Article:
An interesting, but ultimately certain to be futile, move:

With all the noise around the US election, the Varadkar/Maitiu O’Tuathail scandal has sort of faded from the headlines. But that doesn’t mean that opposition politicians are dropping it. A Press Release in from Aontú yesterday announced that the party had formally invited O’Tuathail to appear before a Dáil committee to answer some questions:

Aontú Leader & Meath West TD Peadar Tóibín has formally asked Dr Maitiu Ó’Tuathail to appear before a Dáil Committee to give testimony surrounding the leaking of the IMO contract by Leo Varadkar. An Teachta Tóibín has written to both Dr Ó’Tuathail and the Cathaoirleach of the Health Committee to facilitate this happening.

“Given the public interest importance of this crisis its important that Ó Tuathail details what exactly happened. Given that the Contract is a matter of Government Health Policy I have formally asked the Cathaoirleach of the Health Committee with the agreement of the members of the Committee to facilitate a question and answer session with Dr Ó Tuathail as soon as is possible. I have also formally requested that Dr Ó Tuathail make himself available to an Oireachtas Committee in order for the truth of the leaked confidential document to come to light”.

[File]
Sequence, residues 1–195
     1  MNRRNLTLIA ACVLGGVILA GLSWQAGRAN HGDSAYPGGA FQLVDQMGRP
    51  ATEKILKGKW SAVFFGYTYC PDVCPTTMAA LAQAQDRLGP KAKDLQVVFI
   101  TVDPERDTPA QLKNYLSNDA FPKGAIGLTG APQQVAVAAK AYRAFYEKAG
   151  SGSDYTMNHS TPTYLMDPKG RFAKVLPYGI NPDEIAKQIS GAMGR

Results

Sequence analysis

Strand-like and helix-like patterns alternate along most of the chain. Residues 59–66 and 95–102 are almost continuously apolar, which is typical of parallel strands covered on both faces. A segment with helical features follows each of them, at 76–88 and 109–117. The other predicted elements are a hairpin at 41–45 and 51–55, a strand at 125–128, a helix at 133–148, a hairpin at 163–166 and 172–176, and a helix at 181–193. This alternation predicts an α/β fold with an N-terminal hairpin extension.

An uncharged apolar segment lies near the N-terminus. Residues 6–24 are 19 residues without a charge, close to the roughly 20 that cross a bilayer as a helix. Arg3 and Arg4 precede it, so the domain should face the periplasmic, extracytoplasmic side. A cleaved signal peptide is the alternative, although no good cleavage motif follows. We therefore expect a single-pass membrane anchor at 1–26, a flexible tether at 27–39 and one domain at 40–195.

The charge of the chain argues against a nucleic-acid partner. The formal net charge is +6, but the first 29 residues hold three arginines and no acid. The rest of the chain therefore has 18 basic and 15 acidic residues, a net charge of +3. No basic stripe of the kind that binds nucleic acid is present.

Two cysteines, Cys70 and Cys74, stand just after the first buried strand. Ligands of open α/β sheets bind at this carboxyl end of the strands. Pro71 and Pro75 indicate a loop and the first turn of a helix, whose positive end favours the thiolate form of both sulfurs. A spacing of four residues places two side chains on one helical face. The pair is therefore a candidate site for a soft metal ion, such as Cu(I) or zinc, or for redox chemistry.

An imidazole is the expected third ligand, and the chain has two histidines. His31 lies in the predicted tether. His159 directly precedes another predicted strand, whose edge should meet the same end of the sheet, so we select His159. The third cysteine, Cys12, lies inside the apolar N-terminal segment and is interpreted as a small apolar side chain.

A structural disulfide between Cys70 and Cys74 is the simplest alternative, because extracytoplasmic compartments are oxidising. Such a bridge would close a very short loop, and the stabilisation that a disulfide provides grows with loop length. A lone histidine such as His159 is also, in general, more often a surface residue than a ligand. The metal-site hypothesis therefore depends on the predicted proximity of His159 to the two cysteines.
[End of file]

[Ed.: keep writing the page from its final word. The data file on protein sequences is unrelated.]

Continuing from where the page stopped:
The good doctor cannot be compelled to attend, of course, and it is highly unlikely that he will. But his refusal will probably add to the perception that something is being hidden in this whole melee.

Anyway, the whole point of Sinn Fein’s motion of no confidence isn’t to get rid of Varadkar. They have no chance of winning the vote. The point of it is to make Fianna Fáil and Green TDs take a difficult vote in support of a Tánaiste for whom they have no great love, and on an issue where their own voters would quite like them, in most cases, to vote the other way.

The objective, in other words, is to win Sinn Fein a talking point about how the Greens have become poodles and caved again. It’ll probably work.

But in political terms, Varadkar is likely out of the woods. There simply has been no smoking gun to this scandal – no evidence provided that anybody was inappropriately advantaged, at least in financial terms, by his actions.

It is, however, deeply embarrassing, and the “Leo the Leak” moniker will probably stick. The next time something confidential leaks from cabinet, you can be sure where the finger will be pointed – fairly, or not.